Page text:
Category Archives: Book reviews

Book review: ‘Identity’, by Francis Fukuyama

Regarded as prescient in heralding the collapse of communism in 1989 as the ‘end of history’, Francis Fukuyama has since become something of an intellectual piñata.

His thesis then was that the triumph of liberal democracy, buttressed by a market economy, represented the ‘end of history’ in the Hegelian sense that other modes of organizing society had been tried, and failed, leaving the strongest standing. Eventually, he expected that it would become ubiquitous. The European Union was hailed as an aspirational model, having put an end to the continent’s centuries of internecine conflict.

So convinced was Fukuyama of the superiority of liberal democracy that, though a Democrat, he aligned himself with the neoconservative movement that provided the intellectual underpinning for George W. Bush’s disastrous invasion of Iraq.

*** A version of this book review was first published in The Irish Times on 24 October 2018 ***

His two most recent books, The Origins of Political Order and Political Order and Political Decay, were an attempt to clarify and rebut criticism of his ‘end of history’ thesis. Most notably, he dropped the pretense of the finality and inevitability, if not the desirability, of universal liberal democracy. He adapted his thesis to fit the facts on the ground.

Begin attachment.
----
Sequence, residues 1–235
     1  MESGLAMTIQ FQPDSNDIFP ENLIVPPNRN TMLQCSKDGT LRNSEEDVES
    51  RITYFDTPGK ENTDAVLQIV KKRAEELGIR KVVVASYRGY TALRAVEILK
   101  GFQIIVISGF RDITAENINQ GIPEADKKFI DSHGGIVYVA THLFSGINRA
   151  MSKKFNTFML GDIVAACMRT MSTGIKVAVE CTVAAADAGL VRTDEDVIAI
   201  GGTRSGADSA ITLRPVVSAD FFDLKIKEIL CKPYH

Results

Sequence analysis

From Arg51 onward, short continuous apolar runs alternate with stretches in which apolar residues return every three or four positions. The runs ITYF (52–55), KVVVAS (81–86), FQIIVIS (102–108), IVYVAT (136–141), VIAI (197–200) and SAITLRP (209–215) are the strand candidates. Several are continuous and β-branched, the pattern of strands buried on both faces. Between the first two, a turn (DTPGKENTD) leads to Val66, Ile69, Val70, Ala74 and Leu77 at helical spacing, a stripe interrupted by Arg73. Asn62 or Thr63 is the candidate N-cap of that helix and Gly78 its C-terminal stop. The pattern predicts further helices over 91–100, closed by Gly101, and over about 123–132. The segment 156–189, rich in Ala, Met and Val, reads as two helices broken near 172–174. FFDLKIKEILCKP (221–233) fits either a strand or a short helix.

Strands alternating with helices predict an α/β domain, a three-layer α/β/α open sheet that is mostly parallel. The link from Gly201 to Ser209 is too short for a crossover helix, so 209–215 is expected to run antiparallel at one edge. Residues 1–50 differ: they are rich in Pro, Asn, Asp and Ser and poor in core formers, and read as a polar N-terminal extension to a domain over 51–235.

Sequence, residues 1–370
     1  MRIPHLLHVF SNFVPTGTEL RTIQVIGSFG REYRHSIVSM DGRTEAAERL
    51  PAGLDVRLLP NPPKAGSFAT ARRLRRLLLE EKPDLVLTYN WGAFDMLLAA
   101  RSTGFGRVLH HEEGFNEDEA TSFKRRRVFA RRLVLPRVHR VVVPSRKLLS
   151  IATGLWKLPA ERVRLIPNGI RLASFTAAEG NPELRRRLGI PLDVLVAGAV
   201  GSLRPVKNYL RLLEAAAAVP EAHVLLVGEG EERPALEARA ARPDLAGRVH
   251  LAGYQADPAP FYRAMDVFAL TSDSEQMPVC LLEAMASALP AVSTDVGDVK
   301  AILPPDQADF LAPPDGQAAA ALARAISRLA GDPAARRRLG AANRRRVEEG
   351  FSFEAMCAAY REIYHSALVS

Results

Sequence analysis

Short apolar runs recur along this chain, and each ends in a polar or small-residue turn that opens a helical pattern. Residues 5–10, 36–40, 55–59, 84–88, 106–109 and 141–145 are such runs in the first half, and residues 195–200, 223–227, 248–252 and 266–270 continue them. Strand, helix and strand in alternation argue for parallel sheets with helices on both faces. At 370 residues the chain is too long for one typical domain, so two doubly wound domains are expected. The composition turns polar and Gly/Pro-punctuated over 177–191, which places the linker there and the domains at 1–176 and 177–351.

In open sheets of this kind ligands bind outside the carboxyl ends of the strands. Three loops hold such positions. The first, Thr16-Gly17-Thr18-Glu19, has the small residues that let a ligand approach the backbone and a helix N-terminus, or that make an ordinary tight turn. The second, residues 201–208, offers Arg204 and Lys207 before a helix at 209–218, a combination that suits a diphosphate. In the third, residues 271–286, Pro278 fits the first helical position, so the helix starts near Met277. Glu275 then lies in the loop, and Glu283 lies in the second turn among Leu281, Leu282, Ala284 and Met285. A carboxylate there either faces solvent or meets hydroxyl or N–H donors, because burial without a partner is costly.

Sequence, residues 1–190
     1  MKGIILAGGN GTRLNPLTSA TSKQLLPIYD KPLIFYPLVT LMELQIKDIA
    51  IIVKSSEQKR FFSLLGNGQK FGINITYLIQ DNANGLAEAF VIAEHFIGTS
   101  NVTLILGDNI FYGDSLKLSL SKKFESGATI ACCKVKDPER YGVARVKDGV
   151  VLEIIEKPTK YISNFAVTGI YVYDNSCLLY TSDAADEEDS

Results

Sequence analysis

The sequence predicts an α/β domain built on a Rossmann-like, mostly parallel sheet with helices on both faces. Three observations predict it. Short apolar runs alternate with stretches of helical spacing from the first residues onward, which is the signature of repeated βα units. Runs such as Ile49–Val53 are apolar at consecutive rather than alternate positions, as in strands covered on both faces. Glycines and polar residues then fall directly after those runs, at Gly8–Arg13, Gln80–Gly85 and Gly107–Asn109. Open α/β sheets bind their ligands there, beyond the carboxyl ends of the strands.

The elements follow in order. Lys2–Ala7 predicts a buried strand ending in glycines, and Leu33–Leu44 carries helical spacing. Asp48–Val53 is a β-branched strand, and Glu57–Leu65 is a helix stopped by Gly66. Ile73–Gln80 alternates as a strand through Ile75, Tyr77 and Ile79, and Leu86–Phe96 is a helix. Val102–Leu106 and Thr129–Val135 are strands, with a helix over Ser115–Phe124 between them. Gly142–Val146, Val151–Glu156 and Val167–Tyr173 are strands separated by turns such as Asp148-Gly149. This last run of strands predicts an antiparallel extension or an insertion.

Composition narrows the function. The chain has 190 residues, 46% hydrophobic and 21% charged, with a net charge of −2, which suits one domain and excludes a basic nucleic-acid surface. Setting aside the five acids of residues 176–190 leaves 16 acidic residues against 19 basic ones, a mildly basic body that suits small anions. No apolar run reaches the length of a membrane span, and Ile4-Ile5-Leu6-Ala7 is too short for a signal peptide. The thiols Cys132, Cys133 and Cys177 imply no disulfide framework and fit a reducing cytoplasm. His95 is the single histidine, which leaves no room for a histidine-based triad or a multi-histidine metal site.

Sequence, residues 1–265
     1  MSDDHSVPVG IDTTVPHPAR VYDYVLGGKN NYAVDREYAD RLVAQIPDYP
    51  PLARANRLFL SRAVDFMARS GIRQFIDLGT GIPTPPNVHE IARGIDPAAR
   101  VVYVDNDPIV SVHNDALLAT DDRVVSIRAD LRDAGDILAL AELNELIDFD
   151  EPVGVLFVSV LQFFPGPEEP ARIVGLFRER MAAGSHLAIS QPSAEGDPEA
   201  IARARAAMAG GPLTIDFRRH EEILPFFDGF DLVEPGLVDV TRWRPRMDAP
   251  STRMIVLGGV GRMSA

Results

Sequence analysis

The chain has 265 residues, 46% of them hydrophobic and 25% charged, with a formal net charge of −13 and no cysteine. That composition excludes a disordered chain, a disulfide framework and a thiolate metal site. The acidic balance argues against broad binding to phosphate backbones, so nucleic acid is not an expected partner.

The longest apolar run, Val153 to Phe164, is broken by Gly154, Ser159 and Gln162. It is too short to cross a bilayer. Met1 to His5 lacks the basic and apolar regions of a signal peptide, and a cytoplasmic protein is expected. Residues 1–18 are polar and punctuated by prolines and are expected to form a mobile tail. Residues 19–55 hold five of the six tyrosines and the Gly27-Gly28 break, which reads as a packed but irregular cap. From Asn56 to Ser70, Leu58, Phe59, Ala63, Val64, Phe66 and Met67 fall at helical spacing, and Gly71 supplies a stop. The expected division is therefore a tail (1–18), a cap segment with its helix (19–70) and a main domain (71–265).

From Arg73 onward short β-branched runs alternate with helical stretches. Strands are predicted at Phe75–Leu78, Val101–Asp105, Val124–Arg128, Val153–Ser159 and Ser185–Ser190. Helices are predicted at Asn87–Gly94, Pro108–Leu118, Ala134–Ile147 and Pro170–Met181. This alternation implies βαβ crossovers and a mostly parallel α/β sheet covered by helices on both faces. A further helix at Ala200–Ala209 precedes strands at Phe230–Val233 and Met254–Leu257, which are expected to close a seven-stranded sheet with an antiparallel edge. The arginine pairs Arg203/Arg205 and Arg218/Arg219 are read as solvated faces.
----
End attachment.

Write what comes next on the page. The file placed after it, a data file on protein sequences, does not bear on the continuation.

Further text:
Identity, his latest offering, was written for the age of Trump. Addressing the zeitgeist at both ends of the political spectrum for ‘identity politics’, particularly in the U.S. but also across Europe, he does a deep dive into what he sees as one possible mortal threat to liberal democratic institutions – ‘political decay’.

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Definitive take on Ireland’s boom and bust

Insightful if controversial book sets out a hierarchy of blame, with joyriding politicians at the top…

Click here to read my Irish Times review of The Fall of the Celtic Tiger: Ireland & the Euro by Donal Donovan and Antoin E. Murphy.

A Clarion Call to Reject the ‘Axis of Austerity’

This is my review of Gene Kerrigan’s latest book, “The Big Lie: Who Profits From Ireland’s Austerity?”, published in today’s Irish Times.

The Left Must Find Its Voice

Book Review – Ill Fares The Land by Tony Judt

Tony Judt is perhaps best known for ‘Postwar’, the encyclopaedic survey of European history since 1945 which cemented his status among the world’s most eminent historians.

Today, wracked by the same motor-neurone affliction as Stephen Hawking, Judt is confined to dictating his thoughts to an assistant at NYU where he is Professor of European Studies. While his body may be weakened, however, his mind remains piercing, engaging and energetic.

In ‘Postwar’, Judt explored what he called the ‘Social Democratic Moment’, the grand societal bargain which allowed Europe to rebuild from the wreckage of a devastating world war and the Great Depression which preceded it. Continue reading